b Y = (A Y2 ω 1 2 −A Y1 ω 2 2 ) / (ω 1 2 −ω 2 2 )
Sought by.
Also, the accelerometer bias correction b Z for the Z-axis accelerometer 310- Z is
b Z = (A Z2 ω 1 2 −A Z1 ω 2 2 ) / (ω 1 2 −ω 2 2 )
Sought by.

Lever arm delta (lever arm error) dlev_y and dlev_z are also calculated (step 440). The lever arm deltas dlev_y and dlev_z with respect to the Y axis and the Z axis are obtained by the following equations.
dlev_y = (A Y1 −A Y2 ) / (ω 1 2 −ω 2 2 )
dlev_z = (A Z1 −A Z2 ) / (ω 1 2 −ω 2 2 )
The lever arm delta is used to calculate the vehicle's misalignment. The misalignments δ Y and δ Z of the Y-axis and Z-axis accelerometers are obtained by the following equations.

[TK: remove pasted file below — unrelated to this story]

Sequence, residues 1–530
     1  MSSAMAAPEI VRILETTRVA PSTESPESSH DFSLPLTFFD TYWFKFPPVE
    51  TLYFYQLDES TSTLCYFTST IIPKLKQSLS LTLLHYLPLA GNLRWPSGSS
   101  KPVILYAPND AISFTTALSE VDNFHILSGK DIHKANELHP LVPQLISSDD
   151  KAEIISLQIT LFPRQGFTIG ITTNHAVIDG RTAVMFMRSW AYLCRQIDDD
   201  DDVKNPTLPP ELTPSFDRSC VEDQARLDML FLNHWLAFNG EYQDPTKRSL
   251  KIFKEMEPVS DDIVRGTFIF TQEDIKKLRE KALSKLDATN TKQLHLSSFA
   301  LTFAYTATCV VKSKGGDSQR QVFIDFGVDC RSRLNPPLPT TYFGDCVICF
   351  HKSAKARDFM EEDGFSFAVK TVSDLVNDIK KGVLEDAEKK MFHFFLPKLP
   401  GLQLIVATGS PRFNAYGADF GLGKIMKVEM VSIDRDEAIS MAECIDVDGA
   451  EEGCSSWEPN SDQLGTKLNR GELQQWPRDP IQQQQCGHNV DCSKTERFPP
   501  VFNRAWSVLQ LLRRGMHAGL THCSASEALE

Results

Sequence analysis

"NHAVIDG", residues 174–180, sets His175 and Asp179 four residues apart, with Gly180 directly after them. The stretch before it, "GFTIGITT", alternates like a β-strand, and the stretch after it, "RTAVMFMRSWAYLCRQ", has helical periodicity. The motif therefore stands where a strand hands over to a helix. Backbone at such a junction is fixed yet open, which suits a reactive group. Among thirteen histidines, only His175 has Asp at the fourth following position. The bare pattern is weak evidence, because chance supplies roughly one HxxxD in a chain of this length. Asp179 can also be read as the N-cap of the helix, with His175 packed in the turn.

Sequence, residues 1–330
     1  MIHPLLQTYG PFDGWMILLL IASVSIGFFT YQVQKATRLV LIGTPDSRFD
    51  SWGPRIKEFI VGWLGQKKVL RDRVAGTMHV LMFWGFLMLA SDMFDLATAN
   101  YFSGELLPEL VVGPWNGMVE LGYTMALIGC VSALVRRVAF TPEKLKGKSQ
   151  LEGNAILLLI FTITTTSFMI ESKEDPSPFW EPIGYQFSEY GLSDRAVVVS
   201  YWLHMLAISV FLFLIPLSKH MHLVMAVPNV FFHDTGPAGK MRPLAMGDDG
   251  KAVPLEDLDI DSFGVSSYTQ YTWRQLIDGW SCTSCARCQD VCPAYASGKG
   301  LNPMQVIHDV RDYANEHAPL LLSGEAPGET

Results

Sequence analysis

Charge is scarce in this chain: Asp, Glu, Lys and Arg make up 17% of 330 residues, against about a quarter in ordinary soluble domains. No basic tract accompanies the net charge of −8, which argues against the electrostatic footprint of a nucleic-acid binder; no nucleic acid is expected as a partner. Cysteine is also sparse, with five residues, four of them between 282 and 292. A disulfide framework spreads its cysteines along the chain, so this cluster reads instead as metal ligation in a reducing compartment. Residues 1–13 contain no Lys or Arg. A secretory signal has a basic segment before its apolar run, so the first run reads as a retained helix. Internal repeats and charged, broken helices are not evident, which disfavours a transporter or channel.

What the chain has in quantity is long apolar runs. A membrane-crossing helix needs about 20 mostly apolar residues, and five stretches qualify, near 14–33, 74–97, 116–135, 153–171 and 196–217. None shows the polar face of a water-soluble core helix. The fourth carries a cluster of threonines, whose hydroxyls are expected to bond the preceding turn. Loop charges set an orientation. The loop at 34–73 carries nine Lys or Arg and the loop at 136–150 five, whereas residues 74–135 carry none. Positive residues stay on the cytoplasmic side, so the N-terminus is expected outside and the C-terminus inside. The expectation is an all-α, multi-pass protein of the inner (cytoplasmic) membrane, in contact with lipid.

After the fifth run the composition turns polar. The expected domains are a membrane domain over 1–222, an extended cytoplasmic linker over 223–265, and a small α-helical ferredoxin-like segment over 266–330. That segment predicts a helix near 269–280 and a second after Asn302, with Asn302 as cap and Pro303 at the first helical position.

δ Y = ω 2 dlev_y
δ Z = ω 2 dlev_z

Additionally, round-level misalignment can be calculated from the gyroscope while the vehicle 100 is spinning. Round level misalignment
ω Y / ω X, and ω Y / ω X
Given in. Round level misalignment is used to correct for observed gyroscope and accelerometer measurements.
The processor 130 provides different levels of bandwidth control of the input (ie, delta samples) to the bias correction routine 144. Bandwidth control parameters include the time periods during which delta samples were taken to average A Y1 , A Z1 , A Y2 , and A Z2 , and the time intervals of these periods.